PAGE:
The four Monster Energy NASCAR Cup Series Championship contenders met with the media individually on Thursday afternoon.
Well, you’ve been here before. What’s it going to take on Sunday?
KEVIN HARVICK: Yeah, well, I think at this particular point it’s a little bit of a guess, just because we all know that Homestead’s so much different than a lot of the racetracks that we go to. Our guys have done a great job in preparation, regardless of how it goes, and having scenarios and situations and adjustability and all those types of things prepared for the weekend, as to what happens after you unload in the first practice and see where the racetrack is and where you are with your car. So it’s been a great second half of the year, I think our team has really proven to not only everybody else but ourselves just how much, how good we are as a group and how much we have had to work this year to get to where we are. And it’s been very rewarding to sit here and be able to look at each other and have celebrated in Victory Lane and have a chance to race for a championship is something that I’m really proud of the team and I know that they’re obviously excited that everything ended the way that it is currently.
Is this kind of old hat? I mean, you guys seem to be, as Denny spoke about, the three of you up there, the veterans of the group, been here before, been there and done that.
KEVIN HARVICK: Well, it’s difficult to navigate the Playoffs and there’s a group of guys that have been there and done that and know that you’re going to have some things that you’re going to have to deal with throughout the Playoffs and know that you can still only drive your car as fast as it will go, you can’t back it in the wall, you can’t run through your pit box, you can’t make all those mistakes throughout the Playoffs and be able to survive. You’re going to have things happen, you’re going to have mechanical things, you’re going to have accidents, you’re going to have something happen throughout the Playoffs and our teams are experienced and have navigated those things year after year and I think you see the best crew chiefs and the best organizations and the best drivers and they consistently stick out.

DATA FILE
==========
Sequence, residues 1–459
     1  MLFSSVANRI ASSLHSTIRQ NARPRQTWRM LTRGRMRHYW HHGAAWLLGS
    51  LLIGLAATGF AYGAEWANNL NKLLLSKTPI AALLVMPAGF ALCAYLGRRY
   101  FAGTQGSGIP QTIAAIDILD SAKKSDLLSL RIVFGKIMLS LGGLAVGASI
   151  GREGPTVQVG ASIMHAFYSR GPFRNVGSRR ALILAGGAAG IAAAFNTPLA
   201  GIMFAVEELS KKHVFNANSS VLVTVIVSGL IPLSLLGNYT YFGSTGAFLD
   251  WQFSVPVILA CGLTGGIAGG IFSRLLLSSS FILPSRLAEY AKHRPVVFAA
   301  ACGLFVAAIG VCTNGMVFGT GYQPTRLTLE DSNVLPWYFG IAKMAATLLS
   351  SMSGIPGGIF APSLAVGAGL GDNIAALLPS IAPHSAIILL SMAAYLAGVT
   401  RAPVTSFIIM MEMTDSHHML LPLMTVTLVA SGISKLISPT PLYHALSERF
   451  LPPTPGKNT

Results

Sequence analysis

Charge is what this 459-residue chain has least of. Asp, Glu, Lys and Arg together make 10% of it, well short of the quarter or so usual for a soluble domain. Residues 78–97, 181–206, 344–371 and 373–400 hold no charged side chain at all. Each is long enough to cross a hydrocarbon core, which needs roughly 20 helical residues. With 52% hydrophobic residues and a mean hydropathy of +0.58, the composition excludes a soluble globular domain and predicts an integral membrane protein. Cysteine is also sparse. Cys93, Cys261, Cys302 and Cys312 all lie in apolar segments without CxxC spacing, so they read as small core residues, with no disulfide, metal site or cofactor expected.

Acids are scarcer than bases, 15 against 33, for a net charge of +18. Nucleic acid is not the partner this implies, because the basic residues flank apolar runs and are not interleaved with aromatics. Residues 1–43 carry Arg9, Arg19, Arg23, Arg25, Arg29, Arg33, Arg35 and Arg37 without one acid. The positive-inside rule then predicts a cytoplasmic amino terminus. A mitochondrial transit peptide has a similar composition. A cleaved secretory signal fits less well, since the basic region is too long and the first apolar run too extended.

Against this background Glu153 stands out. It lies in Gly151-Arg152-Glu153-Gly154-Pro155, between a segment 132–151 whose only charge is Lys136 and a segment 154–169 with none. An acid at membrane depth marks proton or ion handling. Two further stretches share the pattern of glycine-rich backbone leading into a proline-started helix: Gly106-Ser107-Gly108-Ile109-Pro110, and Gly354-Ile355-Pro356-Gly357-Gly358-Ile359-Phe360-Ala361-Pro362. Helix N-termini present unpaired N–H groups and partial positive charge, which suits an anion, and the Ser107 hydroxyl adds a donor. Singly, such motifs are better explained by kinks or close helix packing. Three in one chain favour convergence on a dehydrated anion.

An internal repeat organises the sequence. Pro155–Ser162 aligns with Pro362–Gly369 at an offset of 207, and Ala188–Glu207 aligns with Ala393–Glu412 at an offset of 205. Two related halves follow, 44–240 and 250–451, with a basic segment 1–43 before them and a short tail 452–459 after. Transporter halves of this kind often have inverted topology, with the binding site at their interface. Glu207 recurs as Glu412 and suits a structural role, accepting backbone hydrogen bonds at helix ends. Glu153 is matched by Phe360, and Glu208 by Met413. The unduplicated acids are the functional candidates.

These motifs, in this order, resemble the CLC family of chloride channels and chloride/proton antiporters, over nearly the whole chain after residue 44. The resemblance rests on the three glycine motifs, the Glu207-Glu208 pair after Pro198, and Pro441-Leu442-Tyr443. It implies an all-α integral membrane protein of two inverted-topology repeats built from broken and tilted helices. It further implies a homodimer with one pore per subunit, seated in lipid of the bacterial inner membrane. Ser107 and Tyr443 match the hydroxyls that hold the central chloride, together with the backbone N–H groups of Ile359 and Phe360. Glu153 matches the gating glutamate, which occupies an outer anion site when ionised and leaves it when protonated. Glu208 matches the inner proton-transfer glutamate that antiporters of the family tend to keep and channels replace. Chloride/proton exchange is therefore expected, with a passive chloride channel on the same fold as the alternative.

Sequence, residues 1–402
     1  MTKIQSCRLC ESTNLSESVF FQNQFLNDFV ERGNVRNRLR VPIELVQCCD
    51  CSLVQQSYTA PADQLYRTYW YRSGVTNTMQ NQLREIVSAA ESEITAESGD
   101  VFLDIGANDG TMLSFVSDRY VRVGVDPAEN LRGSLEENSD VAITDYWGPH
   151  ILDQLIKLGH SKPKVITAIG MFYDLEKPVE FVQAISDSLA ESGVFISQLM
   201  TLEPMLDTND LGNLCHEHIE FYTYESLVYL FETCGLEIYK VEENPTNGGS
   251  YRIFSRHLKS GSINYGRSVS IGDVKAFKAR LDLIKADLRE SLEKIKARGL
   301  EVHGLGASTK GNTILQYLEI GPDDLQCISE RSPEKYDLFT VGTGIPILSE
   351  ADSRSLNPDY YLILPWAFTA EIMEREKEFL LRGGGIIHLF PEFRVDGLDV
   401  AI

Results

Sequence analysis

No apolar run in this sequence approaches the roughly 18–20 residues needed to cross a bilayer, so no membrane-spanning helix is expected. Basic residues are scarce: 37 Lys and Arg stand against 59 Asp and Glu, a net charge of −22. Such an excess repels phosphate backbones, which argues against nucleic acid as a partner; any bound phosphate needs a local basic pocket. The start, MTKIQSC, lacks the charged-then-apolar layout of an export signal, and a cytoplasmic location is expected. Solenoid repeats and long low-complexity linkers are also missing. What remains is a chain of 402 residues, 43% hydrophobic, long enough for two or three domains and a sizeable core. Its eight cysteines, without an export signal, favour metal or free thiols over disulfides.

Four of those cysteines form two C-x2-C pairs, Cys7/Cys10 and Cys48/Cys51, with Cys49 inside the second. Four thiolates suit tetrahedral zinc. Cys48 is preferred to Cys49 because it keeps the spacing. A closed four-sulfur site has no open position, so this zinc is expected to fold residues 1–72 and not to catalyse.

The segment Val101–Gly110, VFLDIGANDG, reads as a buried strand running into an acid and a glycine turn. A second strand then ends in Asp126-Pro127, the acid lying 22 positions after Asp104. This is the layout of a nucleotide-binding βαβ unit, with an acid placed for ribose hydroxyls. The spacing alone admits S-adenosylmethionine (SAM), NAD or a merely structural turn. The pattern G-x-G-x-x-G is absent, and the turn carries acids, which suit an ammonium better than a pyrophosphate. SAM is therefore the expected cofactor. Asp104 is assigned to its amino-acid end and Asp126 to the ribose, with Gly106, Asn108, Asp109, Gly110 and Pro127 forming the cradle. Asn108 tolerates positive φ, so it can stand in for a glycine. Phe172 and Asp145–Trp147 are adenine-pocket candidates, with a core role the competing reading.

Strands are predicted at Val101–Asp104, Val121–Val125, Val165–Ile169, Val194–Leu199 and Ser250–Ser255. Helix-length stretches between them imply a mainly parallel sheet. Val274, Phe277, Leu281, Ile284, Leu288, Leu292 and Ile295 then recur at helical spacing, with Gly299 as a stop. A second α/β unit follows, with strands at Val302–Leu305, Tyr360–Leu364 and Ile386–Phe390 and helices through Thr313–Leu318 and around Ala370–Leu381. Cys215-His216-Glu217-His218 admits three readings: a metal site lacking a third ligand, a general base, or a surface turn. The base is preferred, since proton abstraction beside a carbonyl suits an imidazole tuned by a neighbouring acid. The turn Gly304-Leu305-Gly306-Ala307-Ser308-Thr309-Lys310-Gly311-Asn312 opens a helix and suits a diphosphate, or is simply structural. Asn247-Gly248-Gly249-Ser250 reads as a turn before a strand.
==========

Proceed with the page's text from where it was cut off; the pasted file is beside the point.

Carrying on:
Have you thought about how maybe a second championship changes the outlook of your career, kind of like a legacy thing and people think, well he kind of elevates it to another level, your career
KEVIN HARVICK: Well championships are what we race for. You put a lot of effort into the season and week after week of trying to be competitive and I think the more championships you win, the more it solidifies everything that you do on a week to week basis. So they’re hard to win. It’s hard to get here. I know that we have been able to do that five times now, but the Playoffs are difficult now. It’s difficult to go through all those eliminations and different racetracks and have everything work out. So you just, this will be the fifth time here and we have only won once and so it’s definitely something that we would love to do again. This is what we race for.
How much of an impact does experience have at a track that you only go to once a year when you’re actually returning as a championship contender as opposed to the rest of the field?